Cramer: Making the grade in one day
Jim Cramer | email@example.com
It was like the dog stopped eating CEO Ellen Kullman's homework and she delivered a respectable quarter. There no high-fives during the exam, and you could tell she was still furious at herself from last quarter's miserable effort. Still, when a "D" student gets a "C," it is a big deal in the school of hard earnings. In short, Kullman has moved out of the cellar with that quarter.
Meanwhile, across the hall, Travelers' Jay Fishman--the best insurance executive in the world--quietly delivers a summa cum laude on the quarter through a combination of higher rates, thoughtful underwriting. He made you feel as if he had predicted Hurricane Sandy (I am not kidding--go have a listen) and tremendous investing of your premiums.
Makes you want to switch away from Geico's talking pig, Progressive's woman in white, State Farm's discount Cheesehead check and Allstate's President Palmer all in one conference call.
Remarkable. I found myself thinking, holy cow, am I glad I am not in that class. I would have had to do a lot of explaining to my dad about how I couldn't keep up with Jay Fishman, and he would make me watch less television and hang out less with my hoodlum friends.
Then there's IBM after the close. Oh, we are so darned fixated with the top line.
However, IBM knows you can get terrific grades not by just showing up, which is what sales can really be about--but by saying "no" to bad sales and "yes" to good sales, the ones that make you the most of money. IBM made as much money as it did not because of the oft-charged alchemy of big share buybacks, but also because it makes a huge amount of profit on each sale.
What a remarkable quarter--pure dean's list, and a nice surprise. It makes me feel that perhaps IBM just didn't feel well in that last quarterly exam, and should have gotten a note to the testing agency from its mother that it was under the weather.
Now how about this Google? Here's a company that sent shareholders down a 100-point chute with a shocking, amateurish and stunning midday release of a quarter that wasn't due until after the close. It was like a defenseless hit to the blind side, and there were all sorts of red flags thrown and a suspension from the stock commissioner.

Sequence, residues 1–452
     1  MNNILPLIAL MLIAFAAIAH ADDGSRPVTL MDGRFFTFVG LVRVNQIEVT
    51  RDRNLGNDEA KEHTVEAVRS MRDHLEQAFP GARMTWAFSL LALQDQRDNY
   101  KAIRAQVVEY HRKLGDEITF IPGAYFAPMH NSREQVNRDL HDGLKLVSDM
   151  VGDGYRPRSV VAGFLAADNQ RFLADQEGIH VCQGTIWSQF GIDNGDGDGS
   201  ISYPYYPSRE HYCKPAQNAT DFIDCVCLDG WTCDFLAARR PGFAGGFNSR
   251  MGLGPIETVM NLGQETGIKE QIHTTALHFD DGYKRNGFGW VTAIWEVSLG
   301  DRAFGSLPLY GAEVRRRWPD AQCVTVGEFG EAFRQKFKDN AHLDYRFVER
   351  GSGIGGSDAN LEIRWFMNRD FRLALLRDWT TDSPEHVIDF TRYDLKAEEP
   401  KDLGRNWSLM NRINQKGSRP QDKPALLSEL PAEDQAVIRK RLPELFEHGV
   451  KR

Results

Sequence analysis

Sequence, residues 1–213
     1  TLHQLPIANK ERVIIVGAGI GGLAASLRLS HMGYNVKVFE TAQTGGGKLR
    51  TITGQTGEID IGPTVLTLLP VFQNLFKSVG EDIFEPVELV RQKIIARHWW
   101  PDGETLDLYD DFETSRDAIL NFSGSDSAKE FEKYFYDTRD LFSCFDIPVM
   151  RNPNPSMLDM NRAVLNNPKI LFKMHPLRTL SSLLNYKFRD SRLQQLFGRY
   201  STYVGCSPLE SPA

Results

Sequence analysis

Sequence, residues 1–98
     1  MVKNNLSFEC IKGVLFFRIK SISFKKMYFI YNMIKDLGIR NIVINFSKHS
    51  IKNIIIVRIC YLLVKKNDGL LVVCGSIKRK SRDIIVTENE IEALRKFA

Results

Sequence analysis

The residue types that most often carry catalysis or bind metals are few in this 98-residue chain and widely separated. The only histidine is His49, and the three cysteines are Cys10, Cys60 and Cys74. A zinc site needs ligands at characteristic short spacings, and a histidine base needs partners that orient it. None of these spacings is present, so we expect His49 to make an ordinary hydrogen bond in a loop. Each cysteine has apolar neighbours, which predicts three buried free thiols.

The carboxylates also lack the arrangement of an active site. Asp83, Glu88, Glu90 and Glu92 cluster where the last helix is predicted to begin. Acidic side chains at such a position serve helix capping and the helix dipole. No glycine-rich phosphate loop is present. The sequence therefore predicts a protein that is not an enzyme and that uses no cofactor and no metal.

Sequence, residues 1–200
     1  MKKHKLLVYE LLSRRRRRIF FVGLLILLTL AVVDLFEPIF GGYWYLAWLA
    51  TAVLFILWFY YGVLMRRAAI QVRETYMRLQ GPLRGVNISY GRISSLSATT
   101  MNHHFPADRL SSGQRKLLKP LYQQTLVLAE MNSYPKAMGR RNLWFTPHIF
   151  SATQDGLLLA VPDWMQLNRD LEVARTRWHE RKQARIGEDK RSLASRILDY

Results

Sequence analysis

This quarter was a redemption song and a complete reinstatement of Google's greatness, with terrific growth and new products that are stealing the limelight from just about everyone. Plus, there was no defensiveness, just unbridled optimism. I felt like doing an end-zone dance at its conclusion, but then they'd throw a flag for excessive celebration.
How could you not feel terrific, though, when they discuss how people now "carry a supercomputer in their pocket all the time?" Google is treating this era like the birth of the personal computer--arming that supercomputer with everything you need, from car self-parking to the cheapest and best airline and restaurant reservations.
Plus, just in case you had worries about whether these joyous rocket scientists didn't care enough about their financial grades, they sprung this classic line on you after discussing the questionable Motorola acquisition: "Just to remind everybody, we do care about profitability." Take that, you nitpicking teachers. They've got some Ray Lewis in 'em for certain.
All in all, it was a terrific day to take the earnings exam. The worst got better, the feckless were going straight and narrow--and the nerd insurance guy was just killing it, as the nerds always do.
Disclosures: At the time of publication, Cramer's charitable trust was long DD, AAPL, and IBM.